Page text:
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Book Release Announcement - "Java and XSLT" - O'Reilly

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For Immediate Release
September 24, 2001
For more information, a review copy, cover art, or an interview with
the author, contact:
Kathryn Barrett (707) 829-0515 ext 387 or kathrynb@oreilly.com


Sebastopol, CA--HTML has been the workhorse of the Internet for so
long, performing all kinds of roles that it was never meant to play,
that we almost expect every new technology that bursts on the scene to
do the same. The reality is that there are many powerful technologies
that excel in doing just what they were meant to do. For example, Java
gives us platform-independent code; XML gives us platform-independent
data. They are two very different technologies that complement one
another, rather than compete. "One weakness of Java is in its ability
to process text," explains Eric M. Burke, author of {b]"Java and XSLT"[/b]
(O'Reilly, US $39.95). "For instance, Java may not be the best
technology for merely converting XML files into another format, such as
XHTML or Wireless Markup Language (WML). Using Java for such a task
requires skilled programmers who understand APIs such as DOM, SAX, or
JDOM." This is where Java and XSLT enter the picture.
XSLT, or Extensible Stylesheet Language Transformations, transforms XML
data into some other form, usually HTML, XHTML, or another XML format.
As Burke explains, XSLT makes it possible to define clearly the roles
of Java, XML, XSLT, and HTML. "Java is used for business logic,
database queries and updates, and for creating XML data," says Burke.
"The XML is responsible for raw data, while XSLT transforms the XML
into HTML for viewing by a browser. A key advantage of this approach is
the clean separation between the XML data and the HTML views."
"Java and XSLT" shows programmers how to effectively use XSLT in Java
programs. The heart of the book demonstrates how to put XSLT to work
programmatically--how to develop and debug applications that make use
of transformations, how to optimize the performance of applications by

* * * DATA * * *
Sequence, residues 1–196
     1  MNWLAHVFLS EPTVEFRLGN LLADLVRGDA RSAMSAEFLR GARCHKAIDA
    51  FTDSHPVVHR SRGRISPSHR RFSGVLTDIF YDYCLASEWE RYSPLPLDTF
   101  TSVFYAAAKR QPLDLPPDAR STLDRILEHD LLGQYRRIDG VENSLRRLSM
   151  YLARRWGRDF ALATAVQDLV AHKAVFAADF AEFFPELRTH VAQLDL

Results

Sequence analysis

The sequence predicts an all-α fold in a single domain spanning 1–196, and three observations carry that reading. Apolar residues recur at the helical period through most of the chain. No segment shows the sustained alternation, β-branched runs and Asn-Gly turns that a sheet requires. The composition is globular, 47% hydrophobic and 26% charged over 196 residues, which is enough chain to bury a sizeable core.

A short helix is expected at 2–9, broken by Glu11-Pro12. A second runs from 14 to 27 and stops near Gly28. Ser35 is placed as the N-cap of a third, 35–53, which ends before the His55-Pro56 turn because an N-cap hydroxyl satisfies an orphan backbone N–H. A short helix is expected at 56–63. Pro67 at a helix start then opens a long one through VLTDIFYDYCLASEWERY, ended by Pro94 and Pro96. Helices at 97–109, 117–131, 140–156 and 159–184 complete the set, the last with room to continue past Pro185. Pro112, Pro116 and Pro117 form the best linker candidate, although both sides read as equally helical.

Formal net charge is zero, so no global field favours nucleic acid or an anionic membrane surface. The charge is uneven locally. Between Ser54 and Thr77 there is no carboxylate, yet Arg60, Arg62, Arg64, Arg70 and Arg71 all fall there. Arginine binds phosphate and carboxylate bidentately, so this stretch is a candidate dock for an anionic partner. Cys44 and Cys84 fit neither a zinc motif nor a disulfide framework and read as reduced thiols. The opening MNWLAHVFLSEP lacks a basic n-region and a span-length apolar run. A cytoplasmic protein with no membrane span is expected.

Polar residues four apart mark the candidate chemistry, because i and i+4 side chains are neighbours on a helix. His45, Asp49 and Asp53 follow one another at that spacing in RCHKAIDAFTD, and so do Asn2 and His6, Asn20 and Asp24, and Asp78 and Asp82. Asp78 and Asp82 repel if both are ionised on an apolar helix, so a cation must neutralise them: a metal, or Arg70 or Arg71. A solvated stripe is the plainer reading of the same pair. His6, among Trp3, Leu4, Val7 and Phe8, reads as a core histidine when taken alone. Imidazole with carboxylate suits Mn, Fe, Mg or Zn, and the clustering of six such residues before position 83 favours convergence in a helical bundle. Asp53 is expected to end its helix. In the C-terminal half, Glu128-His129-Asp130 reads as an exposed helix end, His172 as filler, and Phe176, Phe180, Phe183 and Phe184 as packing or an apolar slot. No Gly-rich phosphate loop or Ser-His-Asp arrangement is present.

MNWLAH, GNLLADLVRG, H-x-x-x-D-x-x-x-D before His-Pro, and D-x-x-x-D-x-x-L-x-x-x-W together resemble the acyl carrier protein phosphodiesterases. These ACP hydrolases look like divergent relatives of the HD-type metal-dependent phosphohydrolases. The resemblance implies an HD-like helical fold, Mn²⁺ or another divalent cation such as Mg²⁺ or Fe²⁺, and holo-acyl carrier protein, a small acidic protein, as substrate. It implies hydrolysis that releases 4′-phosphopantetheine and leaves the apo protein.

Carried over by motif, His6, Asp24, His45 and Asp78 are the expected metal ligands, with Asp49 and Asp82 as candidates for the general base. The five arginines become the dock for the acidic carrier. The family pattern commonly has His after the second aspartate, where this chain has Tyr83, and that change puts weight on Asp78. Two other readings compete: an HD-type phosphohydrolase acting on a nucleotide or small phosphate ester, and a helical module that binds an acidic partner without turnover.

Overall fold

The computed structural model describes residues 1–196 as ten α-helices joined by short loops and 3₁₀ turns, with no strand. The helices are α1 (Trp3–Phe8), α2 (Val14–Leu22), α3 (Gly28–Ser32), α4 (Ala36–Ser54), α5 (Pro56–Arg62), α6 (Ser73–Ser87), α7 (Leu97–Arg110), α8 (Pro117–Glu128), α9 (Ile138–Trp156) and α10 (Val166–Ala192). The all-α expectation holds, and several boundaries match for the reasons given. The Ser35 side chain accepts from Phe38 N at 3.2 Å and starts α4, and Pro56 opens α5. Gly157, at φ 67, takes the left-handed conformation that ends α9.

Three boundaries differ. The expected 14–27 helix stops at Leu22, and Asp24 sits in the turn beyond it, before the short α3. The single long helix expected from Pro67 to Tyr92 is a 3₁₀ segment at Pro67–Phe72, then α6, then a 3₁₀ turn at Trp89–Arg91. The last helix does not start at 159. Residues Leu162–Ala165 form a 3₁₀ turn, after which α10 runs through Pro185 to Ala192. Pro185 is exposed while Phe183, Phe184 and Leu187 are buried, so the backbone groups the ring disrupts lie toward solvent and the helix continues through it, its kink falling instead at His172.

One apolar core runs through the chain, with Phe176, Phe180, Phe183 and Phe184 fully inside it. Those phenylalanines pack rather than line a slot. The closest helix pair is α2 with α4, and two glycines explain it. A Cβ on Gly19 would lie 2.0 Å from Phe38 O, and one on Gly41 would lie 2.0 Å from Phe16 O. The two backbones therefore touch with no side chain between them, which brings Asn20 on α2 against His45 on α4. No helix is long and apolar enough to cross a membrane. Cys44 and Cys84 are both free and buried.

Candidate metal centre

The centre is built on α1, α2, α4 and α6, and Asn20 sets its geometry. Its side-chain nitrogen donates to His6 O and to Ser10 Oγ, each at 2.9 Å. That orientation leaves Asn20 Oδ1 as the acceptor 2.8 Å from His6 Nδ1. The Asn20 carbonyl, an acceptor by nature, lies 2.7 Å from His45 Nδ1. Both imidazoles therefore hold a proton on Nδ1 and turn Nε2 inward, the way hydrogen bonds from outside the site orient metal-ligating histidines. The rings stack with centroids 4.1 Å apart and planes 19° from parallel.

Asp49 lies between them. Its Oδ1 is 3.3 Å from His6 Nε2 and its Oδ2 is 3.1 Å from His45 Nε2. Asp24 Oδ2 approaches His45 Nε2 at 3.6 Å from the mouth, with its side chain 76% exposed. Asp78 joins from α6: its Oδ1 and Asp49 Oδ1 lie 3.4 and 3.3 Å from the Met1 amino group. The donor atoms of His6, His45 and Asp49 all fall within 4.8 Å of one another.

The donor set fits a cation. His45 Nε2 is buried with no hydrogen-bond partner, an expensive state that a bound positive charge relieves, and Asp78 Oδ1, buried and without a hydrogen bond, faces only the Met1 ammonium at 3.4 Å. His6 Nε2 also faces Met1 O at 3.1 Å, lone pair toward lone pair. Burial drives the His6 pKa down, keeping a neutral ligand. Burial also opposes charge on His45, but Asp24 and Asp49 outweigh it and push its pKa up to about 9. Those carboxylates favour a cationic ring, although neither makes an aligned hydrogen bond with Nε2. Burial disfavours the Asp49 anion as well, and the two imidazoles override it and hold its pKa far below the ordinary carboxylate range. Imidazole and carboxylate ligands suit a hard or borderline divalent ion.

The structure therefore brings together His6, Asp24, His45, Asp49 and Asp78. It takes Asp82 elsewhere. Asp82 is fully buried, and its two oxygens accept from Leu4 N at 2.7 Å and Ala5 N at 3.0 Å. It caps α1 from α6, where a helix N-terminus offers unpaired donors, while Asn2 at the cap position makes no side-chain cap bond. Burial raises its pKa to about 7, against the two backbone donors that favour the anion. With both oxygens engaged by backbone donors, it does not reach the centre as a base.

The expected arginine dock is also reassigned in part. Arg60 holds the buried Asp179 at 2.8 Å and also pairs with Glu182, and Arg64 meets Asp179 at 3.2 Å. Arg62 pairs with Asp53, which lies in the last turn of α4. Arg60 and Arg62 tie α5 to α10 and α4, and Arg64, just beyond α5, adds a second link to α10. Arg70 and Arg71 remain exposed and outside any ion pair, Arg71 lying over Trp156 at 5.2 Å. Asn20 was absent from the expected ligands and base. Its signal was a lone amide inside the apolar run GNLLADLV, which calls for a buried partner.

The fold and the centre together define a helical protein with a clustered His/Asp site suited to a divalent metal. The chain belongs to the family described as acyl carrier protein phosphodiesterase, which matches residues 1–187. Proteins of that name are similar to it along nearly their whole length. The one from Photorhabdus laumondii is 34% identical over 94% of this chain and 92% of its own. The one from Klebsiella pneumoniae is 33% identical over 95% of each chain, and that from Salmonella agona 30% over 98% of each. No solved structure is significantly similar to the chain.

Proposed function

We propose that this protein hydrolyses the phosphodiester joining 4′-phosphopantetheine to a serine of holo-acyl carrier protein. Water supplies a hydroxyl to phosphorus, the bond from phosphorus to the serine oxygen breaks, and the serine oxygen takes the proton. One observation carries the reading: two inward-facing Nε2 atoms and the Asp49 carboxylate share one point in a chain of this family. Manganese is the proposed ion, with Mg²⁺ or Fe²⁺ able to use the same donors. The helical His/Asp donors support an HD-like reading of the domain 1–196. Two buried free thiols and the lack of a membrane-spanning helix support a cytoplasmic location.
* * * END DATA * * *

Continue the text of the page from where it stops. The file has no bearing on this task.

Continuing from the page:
using caching and compiled stylesheets, how to use XSLT and Java
together to implement complex interactive web sites and wireless
services, and many other useful techniques.
"Web applications are increasingly sophisticated, requiring more
attention to quality application design rather than simply putting
together HTML views," says Burke. "Particularly for larger development
teams, XML, XSLT, and Java offer a good solution because of the
separation between presentation, data, and behavior. A recurring theme
throughout the book is the ability to modularize an application,
assigning different pieces of the implementation to different

Burke adds, "XSLT is not wildly popular right now because of
performance concerns, and because the language is unfamiliar, but XSLT
is important because it is the dominant transformation language for
converting XML into other formats. It will become increasingly
important as browsers begin to support XSLT, better XSLT editors
appear, such as the newest version of XML Spy, and as more people learn
XML and XSLT."
"Java and XSLT" was written for Java developers who are interested in
practical solutions to problems. Although it includes a brief tutorial
on XSLT, its primary focus is on the practical use of transformations
in Java programs, ranging from standalone applications to servlets,
rather than on learning XSLT or developing stylesheets. Readers will
learn how to apply XSLT to develop a discussion forum, transform
documents from one form into another, generate content for wireless
devices, and a number of other situations. The book also covers several
common XSLT processors and the TRAX API, and pays special attention to
performance issues.
Brett McLaughlin, publisher of newInstance.com and author of "Java &
XML" (O'Reilly, Second Edition, August 2001), says of "Java and XSLT,"
"In the last few years, I've seen several books that talk about Java,
and talk about XSLT. I'm thrilled that there is finally a book, 'Java
and XSLT,' that covers these technologies, and does so in a way that
will make even hard-core developers happy. I found everything from
wireless to XHTML to EJBs; it never made it on my bookshelf, because I
kept using the darned thing!"
An article by the author, "Top Ten Java and XSLT Tips," can be found
at: http://java.oreilly.com/news/javaxslt_0801.html
Chapter 5, "XSLT Processing with Java," is available free online at: http://oreilly.com/catalog/javaxslt/chapter/ch05.html
For more information about the book, including Table of Contents,
index, author bio, and samples, see: http://oreilly.com/catalog/javaxslt/index.html
For a cover graphic in jpeg format, go to:
Java and XSLT
By Eric M. Burke
September 2001
ISBN 0-596-00143-6, 510 pages, $39.95 (US)
1-800-998-9938 http://www.oreilly.com
About O'Reilly
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leading-edge computer technologies. We communicate the knowledge of
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